Starting next year, fewer Longview students will be allowed to transfer to a high school outside their attendance boundary, as the district attempts to even out enrollment and the socio-economic disparities between R.A. Long and Mark Morris high schools.

"Over the past couple of years we've gotten significantly out of balance between the two schools," said Chris Fritsch, Longview's director of leadership and learning, of enrollment. "It should be almost a 50-50 split right now."

The harder line against transfers went into effect last year at Longview elementary and middle schools, but it's particularly needed now to even out disparities in the high schools, Fritsch said.

Enrollment at Mark Morris is now 20 percent higher — 193 students — than at R.A. Long, according to district figures. The biggest discrepancy is among the freshman class, with enrollment at Mark Morris topping R.A. Long by nearly 50 percent.

Restricting transfers is important for maintaining an academic and socio-economic balance between the two high schools, Fritsch said. Longview has long struggled with its image for R.A. Long High School, which was dubbed a "drop out factory" by a 2007 Johns Hopkins University study and has a 10 percent higher number of poor students than Mark Morris.

R.A. Long senior Hannah Morgan, 17, said she supports stricter attendance boundary enforcement. It's unfair, she said, for students to want to transfer out of the school for the sake of being with friends or because they perceive R.A. Long as having a drop-out problem.

"People transfer a lot of the times because they have an image of R.A. Long as something bad or they want to be with their friends, and they don't get to realize how cool R.A. Long is," she said.

R.A. Long junior Bill Davenport, 16, said he supports open enrollment but agrees that "there needs to be some balance between enrollment at each school ...

"I don't think R.A. Long is a ghetto school," he added. " I think that (image) is slowly going away. Other than rivalry games people will say that, but it's not something you see in the community very much or hear about."

Mark Morris freshman Odessa Henderson, 15, said she lives in the R.A. Long attendance area but was granted a transfer request. She said the district should remain flexible because "some students may not want to go to the school they live by. This is where all my friends are."

Odessa's friend Samantha Van, a Mark Morris senior, agreed.

"I think, honestly, they should be able to go where they want. You can't make someone go where they don't want to go (and still be successful at school)," said Van, 18.

Without district oversight, the potential existed for one school to accept a majority of the top scholars without realizing they are hurting the other school, said Fritsch, a former Mark Morris principal and R.A. Long alumnus. As principal, he said, he attempted to keep high-performing students at both schools, despite a lack of oversight.

A policy enforcing school boundaries has existed in Longview for decades, but district officials haven't enforced it. Transfer decisions were left mostly up to building principals. Fritsch, who is fielding all district calls about the transfer issue, said he could not explain why the policy had not been enforced previously.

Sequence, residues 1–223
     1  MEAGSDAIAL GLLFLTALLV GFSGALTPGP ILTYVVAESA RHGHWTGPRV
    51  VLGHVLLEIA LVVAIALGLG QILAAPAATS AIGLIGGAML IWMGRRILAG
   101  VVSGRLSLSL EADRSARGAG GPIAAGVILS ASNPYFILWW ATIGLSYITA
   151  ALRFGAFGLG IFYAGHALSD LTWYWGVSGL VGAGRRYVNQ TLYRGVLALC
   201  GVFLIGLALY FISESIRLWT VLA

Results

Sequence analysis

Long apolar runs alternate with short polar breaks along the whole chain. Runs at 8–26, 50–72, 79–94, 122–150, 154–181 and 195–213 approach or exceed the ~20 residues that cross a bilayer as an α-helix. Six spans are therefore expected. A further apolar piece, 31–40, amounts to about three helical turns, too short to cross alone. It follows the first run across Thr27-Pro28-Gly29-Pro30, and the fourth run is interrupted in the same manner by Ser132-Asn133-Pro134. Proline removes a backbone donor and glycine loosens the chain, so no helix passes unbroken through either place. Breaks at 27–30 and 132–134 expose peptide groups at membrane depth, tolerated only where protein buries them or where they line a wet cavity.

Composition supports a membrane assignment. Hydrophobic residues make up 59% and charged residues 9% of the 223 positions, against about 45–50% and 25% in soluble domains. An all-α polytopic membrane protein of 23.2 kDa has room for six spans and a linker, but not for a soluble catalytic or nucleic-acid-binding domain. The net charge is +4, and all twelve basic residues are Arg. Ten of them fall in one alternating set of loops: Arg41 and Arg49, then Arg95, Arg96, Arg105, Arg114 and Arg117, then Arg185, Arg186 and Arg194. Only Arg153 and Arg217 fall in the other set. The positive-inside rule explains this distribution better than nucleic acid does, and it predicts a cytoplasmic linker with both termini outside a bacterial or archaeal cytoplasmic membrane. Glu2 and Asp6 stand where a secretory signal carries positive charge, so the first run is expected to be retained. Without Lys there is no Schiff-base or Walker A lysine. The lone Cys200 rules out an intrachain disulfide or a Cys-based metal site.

But the district has had to slash millions from its budget for the last two years, and enrollment is shrinking. Officials no longer have flexibility to deal with big enrollment imbalances, Fritsch said.

"If we're in a growth mode you can be a little more flexible (with transfers)," Fritsch said. "I'd say you can add staffing to take care of the influx."

Students who transfer within the district - and into the district - for purposes of participating in athletics has been a hot-button topic in recent years, and has created some animosity among sports boosters from both schools. This also has filtered down to the district's three junior highs, where allegations of recruiting student-athletes have been levied.

To this, Fritsch said, "moving for athletic reasons is never a valid excuse" and won't be considered for future transfer requests.

Under district policy that now will be enforced, the district will allow only swaps between schools Mark Morris and R.A. Long if students are of the same grade level, academic performance and discipline history, Fritsch said. Transfers must be one-for-one exchanges, except to keep siblings together at a school. For example, schools need to transfer one 10th grader for another 10th grader who has a similar grade-point-average and neither are trouble makers.

Transfers already in effect will be continued until a student graduates, if the students maintains good standing at that school. Incoming students will be allowed to transfer out of attendance boundaries if their older siblings already are at the school. However, this exemption won't apply if the sibling has or will have graduated.

The district has not kept track of the number of transfers until this spring, when it approved five transfers into R.A. Long and eight into Mark Morris for the 2010-11 school year. The three additional transfers to Mark Morris will keep siblings together, Fritsch said.

This spring the district received eight complaints from parents districtwide about transfer denials, he said.

Longview resident Karla Gates was denied permission this spring for her youngest child to attend Cascade Middle School next year, where her older child graduated from last year. Gates said she made the request because she already knew the Cascade staff and wanted to remain active in their Parent Teacher Organization.

But Gates said she understands the district needs to be fair and she's looking forward to becoming an active parent at Monticello Middle School.

"I've heard really good things about the teachers there," she said.

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